Chinese and Finnish experts gathered at a Beijing Olympic landmark on Tuesday to share expertise in the sustainable development of winter sports in the lead-up to the 2022 Winter Olympics.
The lively scene of Beijing residents enjoying an outdoor ice and snow carnival at the National Stadium on Tuesday was a perfect complement for what was happening indoors. At the China-Finland Winter Sports Industry Seminar inside the 2008 Summer Olympics venue, officials and executives from the two countries' sports and business sectors gathered to exchange know-how and business opportunities in winter sports.
The seminar was among a series of events to launch the China-Finland Year of Winter Sports, an event the two countries' top leaders began planning in spring 2017.
As a new competitor and organizer of winter sports, China will make the best of the yearlong celebration to learn from Finland about specialized athletic training, venue management, event organization and services, said Gou Zhongwen, minister of the General Administration of Sport.
"The year of winter sports will provide a broad platform for us to draw experiences and knowledge from Finnish practices to develop our winter sports industry leading up to the 2022 Olympics and open up business opportunities for Finnish partners," Gou said in his opening remarks at the seminar.
Gou's counterpart, Sampo Terho, Finland's minister for European affairs, culture and sports, said his country has a lot to offer, particularly in sustainable ways for China to build a burgeoning industry around ice and snow activities beyond the Olympics.
As part of China's ambition to involve 300 million people in ice and snow activities by 2022, the country had built 738 ski resorts and 334 indoor skating rinks by June 2018, while winter sports facilities and tourism spots received 197 million visits during the 2017-18 season, a 16 percent annual increase, according to the administration of sport.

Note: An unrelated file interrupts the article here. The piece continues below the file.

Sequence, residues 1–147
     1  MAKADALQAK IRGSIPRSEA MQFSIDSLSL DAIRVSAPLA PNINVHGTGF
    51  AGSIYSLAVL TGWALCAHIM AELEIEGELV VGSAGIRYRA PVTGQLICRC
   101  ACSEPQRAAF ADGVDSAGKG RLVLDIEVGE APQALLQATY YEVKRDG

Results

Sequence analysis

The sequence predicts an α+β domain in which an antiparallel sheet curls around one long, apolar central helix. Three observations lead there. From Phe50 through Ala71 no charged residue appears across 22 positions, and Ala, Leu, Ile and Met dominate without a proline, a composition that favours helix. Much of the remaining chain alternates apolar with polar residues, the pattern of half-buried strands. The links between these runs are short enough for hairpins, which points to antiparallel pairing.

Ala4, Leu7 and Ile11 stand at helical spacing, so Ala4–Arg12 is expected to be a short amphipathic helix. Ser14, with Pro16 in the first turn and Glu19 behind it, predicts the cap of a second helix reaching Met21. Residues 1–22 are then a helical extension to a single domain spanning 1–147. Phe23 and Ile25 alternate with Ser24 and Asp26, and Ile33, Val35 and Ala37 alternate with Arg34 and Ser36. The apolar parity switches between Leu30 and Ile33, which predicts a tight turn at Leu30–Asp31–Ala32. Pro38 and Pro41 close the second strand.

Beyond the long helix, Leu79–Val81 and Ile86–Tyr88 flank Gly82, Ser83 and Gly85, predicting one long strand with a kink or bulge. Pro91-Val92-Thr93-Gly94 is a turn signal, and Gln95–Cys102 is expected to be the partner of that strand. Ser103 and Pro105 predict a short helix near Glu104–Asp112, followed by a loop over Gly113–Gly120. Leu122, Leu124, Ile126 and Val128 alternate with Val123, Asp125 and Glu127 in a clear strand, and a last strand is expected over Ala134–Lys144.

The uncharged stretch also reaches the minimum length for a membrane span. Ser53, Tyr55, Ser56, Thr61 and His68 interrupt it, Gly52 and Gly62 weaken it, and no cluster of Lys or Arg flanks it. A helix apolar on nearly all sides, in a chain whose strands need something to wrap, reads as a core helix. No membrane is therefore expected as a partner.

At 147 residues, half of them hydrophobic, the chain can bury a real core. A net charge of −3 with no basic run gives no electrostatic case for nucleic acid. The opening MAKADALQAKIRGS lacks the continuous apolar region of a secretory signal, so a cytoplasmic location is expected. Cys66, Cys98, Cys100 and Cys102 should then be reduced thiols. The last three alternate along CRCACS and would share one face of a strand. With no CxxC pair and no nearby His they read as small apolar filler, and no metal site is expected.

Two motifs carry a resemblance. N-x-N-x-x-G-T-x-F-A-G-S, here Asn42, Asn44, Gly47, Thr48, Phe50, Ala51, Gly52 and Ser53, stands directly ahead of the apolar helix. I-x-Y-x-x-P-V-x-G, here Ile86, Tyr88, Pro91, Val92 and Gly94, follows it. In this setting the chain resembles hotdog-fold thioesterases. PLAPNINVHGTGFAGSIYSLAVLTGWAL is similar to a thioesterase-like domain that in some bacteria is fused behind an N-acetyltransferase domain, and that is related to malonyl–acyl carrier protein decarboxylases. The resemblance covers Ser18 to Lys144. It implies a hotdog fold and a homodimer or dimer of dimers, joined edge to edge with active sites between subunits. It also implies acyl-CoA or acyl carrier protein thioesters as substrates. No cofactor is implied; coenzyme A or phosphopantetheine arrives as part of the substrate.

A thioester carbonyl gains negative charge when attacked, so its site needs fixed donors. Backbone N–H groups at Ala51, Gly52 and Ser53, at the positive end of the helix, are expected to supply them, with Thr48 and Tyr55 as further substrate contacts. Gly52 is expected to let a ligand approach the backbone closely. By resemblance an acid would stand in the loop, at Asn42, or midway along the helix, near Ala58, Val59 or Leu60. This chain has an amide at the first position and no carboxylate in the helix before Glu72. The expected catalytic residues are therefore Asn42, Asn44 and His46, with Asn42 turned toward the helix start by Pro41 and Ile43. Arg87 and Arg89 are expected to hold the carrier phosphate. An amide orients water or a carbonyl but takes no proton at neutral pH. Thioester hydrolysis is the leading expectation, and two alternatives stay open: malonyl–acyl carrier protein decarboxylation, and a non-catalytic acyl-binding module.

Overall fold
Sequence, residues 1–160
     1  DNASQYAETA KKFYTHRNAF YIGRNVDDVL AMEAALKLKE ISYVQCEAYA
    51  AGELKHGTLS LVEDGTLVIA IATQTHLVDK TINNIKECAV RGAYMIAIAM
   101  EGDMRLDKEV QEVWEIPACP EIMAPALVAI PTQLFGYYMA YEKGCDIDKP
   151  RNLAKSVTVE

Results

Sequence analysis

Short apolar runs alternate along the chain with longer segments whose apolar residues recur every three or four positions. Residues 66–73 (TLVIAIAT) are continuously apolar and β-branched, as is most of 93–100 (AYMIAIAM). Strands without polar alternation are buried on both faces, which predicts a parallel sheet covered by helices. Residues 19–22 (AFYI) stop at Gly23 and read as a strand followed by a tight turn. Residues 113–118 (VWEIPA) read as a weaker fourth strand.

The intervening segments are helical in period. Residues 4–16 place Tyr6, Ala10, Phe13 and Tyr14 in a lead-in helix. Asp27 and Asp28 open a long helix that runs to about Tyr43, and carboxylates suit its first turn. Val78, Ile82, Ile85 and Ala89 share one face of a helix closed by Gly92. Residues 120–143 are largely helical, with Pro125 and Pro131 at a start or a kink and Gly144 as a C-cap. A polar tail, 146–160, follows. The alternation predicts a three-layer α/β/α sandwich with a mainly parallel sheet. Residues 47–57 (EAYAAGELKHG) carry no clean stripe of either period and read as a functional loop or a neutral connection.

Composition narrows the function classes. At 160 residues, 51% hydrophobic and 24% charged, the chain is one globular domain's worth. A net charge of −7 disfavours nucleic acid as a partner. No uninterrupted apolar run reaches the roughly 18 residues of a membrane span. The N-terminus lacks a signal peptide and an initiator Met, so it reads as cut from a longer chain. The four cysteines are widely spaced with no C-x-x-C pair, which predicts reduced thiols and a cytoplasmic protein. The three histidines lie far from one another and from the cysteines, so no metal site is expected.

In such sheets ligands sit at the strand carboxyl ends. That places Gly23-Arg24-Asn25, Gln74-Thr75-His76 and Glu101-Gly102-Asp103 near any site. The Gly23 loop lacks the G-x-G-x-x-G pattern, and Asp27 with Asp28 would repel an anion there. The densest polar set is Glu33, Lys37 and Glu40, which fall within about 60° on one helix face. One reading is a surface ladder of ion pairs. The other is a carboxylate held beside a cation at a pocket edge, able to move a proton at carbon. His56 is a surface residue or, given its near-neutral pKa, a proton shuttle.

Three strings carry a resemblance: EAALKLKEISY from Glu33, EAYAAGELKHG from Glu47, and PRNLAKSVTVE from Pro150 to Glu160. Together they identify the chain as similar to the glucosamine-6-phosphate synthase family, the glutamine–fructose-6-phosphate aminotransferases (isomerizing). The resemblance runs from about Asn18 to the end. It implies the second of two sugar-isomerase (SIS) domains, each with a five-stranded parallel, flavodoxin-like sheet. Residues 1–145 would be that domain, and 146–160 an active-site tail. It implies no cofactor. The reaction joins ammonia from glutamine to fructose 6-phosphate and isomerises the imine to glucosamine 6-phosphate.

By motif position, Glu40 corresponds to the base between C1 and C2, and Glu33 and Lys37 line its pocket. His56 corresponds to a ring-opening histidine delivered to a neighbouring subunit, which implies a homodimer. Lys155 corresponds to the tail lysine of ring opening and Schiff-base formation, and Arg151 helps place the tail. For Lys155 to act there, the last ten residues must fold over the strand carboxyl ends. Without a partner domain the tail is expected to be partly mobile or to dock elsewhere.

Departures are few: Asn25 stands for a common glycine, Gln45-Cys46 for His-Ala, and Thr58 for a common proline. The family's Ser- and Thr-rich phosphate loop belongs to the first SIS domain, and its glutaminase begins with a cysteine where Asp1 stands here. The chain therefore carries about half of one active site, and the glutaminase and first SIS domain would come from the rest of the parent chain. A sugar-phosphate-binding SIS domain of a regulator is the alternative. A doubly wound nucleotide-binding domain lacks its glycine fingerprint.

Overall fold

Still, the increasing numbers shouldn't cover up a lack of winter sports culture and talent in the sector, said Li Yingchuan, a deputy director of the administration.
"We still don't have enough accessible winter sports facilities as a country with a huge population and untapped market potential," he said. "We are also in great need of specialists in coaching, management and scientific research in winter sports."
Finnish expertise is ready to tap to help China address the gaps.
Jusa Susia, head of the East Asia region for Business Finland, a government-affiliated agency to promote Finnish business, said an association of all snow resorts in his country is working on a project to share with Chinese partners their best practices on year-round operation of ski resorts.
"We are ready to provide the full solution and training on how to operate a snow resort in both winter and summer so you can have a sustainable business mode," said Susia, who last month visited multiple resorts in Zhangjiakou, Beijing's co-host for 2022 the Games in Hebei province.
Diversifying services and entertainment choices to engage consumers of all ages is critical for the long-term business success of China's new venues, Susia added.
With more than 160 Olympic medals earned by their winter sports athletes, Finland is recognized as a powerhouse on ice and snow, where the locals say babies are born with skis on their feet.
Throughout the 2019 thematic year, which will close in the northern Finnish city Rovaniemi in December, more than 60 events are expected to help China develop its own winter sports culture.
They include the Chinese New Year Celebration in Helsinki, women's month in April, when Finland hosts the female ice hockey world championships, and the Winter Sports Expo in Beijing, where Finland will be the country of honor.
Another highlight is a long-term training program for Chinese national teams at Finland's Vuokatti Olympic Training Center, where Finnish coaches are working with 150 Chinese cross-country skiers, snowboarders and ski jumpers preparing for the 2022 Olympics.
"The level of Chinese athletes' individual skills is not on the elite level, but their potential is world-class. The goal is clear that we want to help them be the best," said Veikko Halonen, CEO of Vuokatti.